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madonnaswimmer
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Sweet Corn-- tips?

Just moved into my first house, which came with a garden plot (yay!!!). I am thinking of growing sweet corn. I have never grown corn before-- any tips? What maintenance does corn need?

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rainbowgardener
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It's a heavy feeder, so will need additions of nitrogen/ fertilizer of some kind a couple times in the season. It needs to be well weeded until the corn gets tall enough to outpace the weeds.

The corn silks each have to be individually pollinated by their own pollen grain, meaning there needs to be a lot of pollen flying around. Don't plant corn in stretched out rows, plant it in blocks, at least a 4x4 block of corn plants.

Otherwise not real high maintenance, but if you live where there are lots of critters you will need to fence/ guard it. I used to live on a 5 acre property. I had plenty of room for it, but gave up on growing corn, because EVERYBODY loves corn - raccoons, possums, squirrels, woodchucks, all the small rodents like mice and shrews, birds, deer ... all of which we had on our property. Never could get to eat any corn, though I had no trouble growing it.
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madonnaswimmer
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Thanks! Didn't know that about the pollinating... I guess I will designate a larger part of our garden plot (which is about 20x30 feet, so I should have room) for corn!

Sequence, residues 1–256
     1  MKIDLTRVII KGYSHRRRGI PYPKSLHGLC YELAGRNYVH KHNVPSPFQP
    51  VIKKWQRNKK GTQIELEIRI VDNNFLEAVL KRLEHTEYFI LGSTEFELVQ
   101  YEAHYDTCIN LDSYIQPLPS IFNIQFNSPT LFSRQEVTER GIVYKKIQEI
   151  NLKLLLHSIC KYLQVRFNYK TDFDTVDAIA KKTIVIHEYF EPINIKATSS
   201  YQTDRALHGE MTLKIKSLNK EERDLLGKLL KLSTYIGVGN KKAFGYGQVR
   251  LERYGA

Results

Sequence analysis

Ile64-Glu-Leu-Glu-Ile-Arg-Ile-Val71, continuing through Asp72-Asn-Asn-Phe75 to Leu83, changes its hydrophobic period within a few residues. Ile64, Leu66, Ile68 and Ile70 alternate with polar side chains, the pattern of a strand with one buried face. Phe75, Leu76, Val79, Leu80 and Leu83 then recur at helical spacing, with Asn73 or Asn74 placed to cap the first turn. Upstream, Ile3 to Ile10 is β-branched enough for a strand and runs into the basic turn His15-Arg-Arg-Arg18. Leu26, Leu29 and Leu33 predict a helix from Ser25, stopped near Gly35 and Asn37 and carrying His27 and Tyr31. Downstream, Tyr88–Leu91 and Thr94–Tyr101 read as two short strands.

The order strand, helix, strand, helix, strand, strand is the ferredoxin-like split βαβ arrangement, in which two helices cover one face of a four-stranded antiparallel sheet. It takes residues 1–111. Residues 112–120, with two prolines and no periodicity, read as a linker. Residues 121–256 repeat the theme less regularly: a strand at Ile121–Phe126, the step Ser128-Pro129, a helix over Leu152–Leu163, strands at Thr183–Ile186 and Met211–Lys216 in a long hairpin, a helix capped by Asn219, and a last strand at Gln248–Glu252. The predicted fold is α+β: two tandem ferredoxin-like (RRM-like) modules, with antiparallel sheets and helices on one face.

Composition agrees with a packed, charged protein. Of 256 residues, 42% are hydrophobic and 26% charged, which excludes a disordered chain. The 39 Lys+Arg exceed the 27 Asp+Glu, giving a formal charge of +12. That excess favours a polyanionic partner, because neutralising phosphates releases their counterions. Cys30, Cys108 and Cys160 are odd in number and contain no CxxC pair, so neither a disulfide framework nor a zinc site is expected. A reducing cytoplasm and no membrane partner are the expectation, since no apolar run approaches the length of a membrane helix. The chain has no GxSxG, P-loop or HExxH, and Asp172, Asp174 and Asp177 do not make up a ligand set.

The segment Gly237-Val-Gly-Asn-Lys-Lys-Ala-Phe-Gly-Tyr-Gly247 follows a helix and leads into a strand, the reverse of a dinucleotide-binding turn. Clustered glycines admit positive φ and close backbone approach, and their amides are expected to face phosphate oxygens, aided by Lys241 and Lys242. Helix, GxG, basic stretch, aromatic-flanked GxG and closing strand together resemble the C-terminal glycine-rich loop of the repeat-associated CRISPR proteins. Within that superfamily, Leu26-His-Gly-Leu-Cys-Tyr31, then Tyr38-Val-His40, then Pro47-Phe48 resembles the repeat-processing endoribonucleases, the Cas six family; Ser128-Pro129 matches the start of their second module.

We have a compost heap-- I am assuming this will help it as well?

The garden is currently fenced, but it's really shoddy. One of our neighbors told me she liked to watch as the deer just lightly stepped over it, took a nibble of tomato, and then lied down for a nap. I just bought about 125 feet of garden fencing at Home Depot-- waiting for my Menards rebates to get the stakes! Once the snow is gone and the ground is workable, I'll be fixing that garden fence ASAP.

JayPoc
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you can easily hand pollinate to ensure full ears, which eases the restriction on plot size and shape...basically get a cup and a soft paint brush, collect a little pollen, powder it on the silks. I get great results with very little effort, and I don't plant large blocks...

Corn is a bit of a pain though because you get so little yield...only one or two nice ears per plant, and thats it.

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I plant quite a large plot to corn each season. Here is what I do:

Plant in rows 30 inches apart. (At least 3 rows is good for pollination.)
The plants are about every 8 inches in the row.
As noted corn needs nitrogen, so I fertilize it at planting time.
Water once a week. (Absolutely necessary in this dry climate.)
I hang a 4 foot fluorescent bug zapper right near the corn patch. This is for control of the corn earworm. Since the adult is a night flyer, it gets them.
Keep the weeds out.
When the ears are developing I put a radio in the corn patch to scare off the skunks and raccoons. They will literally clean you out if something is not done to discourage them.

I get corn on the cob by the wheel barrow full for sale at the market. Nothing like corn just picked and blanched quickly. ummm mmm good.

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The only thing I would add is that sometimes the wind can be a pain. If you live in a windy area the corn may have a tendency to fall over. It can typically be stood back up without too much effort or damage. I have heard of people planting the corn in a shallow furrow and then back filling the furrow once corn is a few feet high to help with this problem.